Open Access at Oxford » Top 10 things you need to know about Oxford’s response to the RCUK OA Policy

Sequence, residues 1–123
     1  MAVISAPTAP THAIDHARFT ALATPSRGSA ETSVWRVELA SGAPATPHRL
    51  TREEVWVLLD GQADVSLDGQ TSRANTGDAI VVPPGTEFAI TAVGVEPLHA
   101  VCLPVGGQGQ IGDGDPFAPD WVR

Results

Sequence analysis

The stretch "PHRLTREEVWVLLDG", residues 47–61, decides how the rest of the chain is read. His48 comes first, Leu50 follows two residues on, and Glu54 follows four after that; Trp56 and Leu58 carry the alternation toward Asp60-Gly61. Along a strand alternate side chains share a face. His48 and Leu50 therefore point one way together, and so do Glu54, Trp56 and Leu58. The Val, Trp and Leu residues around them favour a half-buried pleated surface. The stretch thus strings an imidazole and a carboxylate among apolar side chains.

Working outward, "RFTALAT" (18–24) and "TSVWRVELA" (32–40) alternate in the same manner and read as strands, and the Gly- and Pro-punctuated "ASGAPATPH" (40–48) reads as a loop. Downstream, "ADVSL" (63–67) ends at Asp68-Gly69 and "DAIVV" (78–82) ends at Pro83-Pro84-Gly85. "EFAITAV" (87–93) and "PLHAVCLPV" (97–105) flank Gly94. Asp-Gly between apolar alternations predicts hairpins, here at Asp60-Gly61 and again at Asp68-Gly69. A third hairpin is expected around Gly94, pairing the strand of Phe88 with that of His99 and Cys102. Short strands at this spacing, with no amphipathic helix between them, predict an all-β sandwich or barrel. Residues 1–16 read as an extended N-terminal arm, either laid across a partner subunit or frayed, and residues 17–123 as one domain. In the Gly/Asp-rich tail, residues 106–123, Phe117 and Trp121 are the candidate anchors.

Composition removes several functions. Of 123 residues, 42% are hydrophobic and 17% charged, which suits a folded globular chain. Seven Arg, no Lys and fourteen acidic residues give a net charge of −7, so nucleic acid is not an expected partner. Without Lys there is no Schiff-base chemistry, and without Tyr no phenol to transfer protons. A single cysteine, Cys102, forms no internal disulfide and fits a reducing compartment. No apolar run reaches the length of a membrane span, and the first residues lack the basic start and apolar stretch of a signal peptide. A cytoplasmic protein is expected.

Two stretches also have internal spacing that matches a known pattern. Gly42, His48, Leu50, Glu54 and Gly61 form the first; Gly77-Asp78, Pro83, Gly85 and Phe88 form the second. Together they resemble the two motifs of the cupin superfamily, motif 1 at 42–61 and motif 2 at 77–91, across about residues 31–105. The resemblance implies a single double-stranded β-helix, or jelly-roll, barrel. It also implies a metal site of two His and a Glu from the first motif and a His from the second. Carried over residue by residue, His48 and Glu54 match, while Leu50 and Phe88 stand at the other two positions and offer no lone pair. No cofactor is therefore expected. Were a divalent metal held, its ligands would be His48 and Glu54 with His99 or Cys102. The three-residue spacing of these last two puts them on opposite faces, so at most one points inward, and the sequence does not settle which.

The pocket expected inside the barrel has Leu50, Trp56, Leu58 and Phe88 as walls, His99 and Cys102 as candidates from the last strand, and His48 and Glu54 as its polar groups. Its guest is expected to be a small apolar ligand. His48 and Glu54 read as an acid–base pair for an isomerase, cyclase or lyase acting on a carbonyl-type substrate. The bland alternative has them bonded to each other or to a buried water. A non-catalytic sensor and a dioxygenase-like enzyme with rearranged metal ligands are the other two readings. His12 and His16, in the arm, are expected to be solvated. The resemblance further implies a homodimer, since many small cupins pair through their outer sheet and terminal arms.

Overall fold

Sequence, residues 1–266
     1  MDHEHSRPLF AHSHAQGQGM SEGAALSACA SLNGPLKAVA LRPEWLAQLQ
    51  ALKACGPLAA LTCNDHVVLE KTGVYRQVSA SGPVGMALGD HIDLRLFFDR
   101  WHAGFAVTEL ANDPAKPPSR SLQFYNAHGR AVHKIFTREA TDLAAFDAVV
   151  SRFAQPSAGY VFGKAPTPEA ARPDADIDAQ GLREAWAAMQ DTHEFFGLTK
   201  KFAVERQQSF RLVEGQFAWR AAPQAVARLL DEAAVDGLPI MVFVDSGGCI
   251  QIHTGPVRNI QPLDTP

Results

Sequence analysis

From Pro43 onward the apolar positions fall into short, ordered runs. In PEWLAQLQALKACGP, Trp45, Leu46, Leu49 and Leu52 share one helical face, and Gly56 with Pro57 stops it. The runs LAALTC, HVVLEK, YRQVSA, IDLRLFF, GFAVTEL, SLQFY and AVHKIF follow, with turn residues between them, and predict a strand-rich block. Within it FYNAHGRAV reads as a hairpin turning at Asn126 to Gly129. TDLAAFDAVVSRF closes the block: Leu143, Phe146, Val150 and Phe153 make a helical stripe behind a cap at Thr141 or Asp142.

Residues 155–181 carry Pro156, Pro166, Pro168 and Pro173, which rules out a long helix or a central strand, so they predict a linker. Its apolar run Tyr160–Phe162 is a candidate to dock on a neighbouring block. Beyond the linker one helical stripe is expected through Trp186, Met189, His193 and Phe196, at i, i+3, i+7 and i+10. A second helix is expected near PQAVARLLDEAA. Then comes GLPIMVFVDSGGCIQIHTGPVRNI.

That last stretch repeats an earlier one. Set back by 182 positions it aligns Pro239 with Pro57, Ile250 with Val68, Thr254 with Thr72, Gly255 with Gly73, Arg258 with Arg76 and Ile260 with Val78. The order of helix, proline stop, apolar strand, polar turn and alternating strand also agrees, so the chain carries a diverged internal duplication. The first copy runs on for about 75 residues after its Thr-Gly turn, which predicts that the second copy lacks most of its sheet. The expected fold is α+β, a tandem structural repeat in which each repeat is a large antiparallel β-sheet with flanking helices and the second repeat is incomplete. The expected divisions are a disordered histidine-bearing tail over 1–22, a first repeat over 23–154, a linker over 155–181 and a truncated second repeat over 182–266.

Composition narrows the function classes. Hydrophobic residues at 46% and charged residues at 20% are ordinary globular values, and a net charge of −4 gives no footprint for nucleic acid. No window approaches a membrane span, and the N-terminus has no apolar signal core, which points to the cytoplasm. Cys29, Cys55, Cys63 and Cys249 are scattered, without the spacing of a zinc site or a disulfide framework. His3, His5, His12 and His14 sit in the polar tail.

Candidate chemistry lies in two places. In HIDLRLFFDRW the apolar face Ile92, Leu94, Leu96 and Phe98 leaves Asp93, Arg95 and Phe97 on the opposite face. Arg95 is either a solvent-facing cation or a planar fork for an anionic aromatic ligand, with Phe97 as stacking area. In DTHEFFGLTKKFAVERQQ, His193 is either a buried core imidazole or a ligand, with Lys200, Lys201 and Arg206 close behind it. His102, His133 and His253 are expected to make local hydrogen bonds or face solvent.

"1. We support the overall objective to sharply increase on-line public access to peer reviewed and published scholarly research papers, that is free to those who do not have access via personal or institutional subscriptions to academic journals. However, we have serious concerns about certain aspects of the RCUK approach. 2. If an Oxford researcher chooses, for sound academic reasons, to publish in a journal that is not ‘RCUK compliant’ the University will defend that decision. Our academics, researchers, staff and students must be free to publish in the journal of their choice. 3. The University favours Green OA (self-archiving) as the most cost-effective, sustainable and credible means of achieving greater public access to research outputs, and will further develop and maintain the Oxford Research Archive (ORA) as single point of access to Oxford outputs, to conserve full text for future generations and to meet OA-related funder requirements and demonstrate institutional compliance. ORA contains full text copies of papers by Oxford authors, will provide public access to these (license conditions permitting) and displays records for Oxford publications with links to publishers’ copies. 4. The University’s best estimates to date indicate that the Block Grant to fund Open Access via the ‘Gold route’ (publisher makes article OA immediately) would meet the costs of only one-third to one-half of articles by Oxford authors. 5. Whilst RCUK has stated a preference for ‘Gold OA’ this is not mandatory. 6. Most journals will allow the final draft post-refereeing, or in many cases the publisher’s version/PDF, to be made available in a recognised repository, such as ORA, for no charge, within the RCUK-preferred embargo periods by discipline. 7. A consultative paper to be considered by the University Research Committee on 4 March proposes that the University will support Gold OA, where the author is usually required to pay an Article Processing Charge (APC), only in cases where a fee must be paid for the article to be published (and in most cases the journal does not also charge a subscription) or where funding made available for this purpose by the research funder is required to meet the funder’s grant terms and conditions (noting that in many cases self-archiving for no fee is permitted and will provide free access for all readers). 8. There is no implication for the REF 2014. Subsequent REFs may have Open Access requirements. 9. Considerable uncertainty remains around specific elements to do with RCUK’s requirements and expectations – RCUK’s revised guidance is expected to be published by the end of February 2013. 10. You can email email@example.com with any questions. This site remains a primary vehicle for communicating about OA at Oxford. Or follow @oaoxford on Twitter."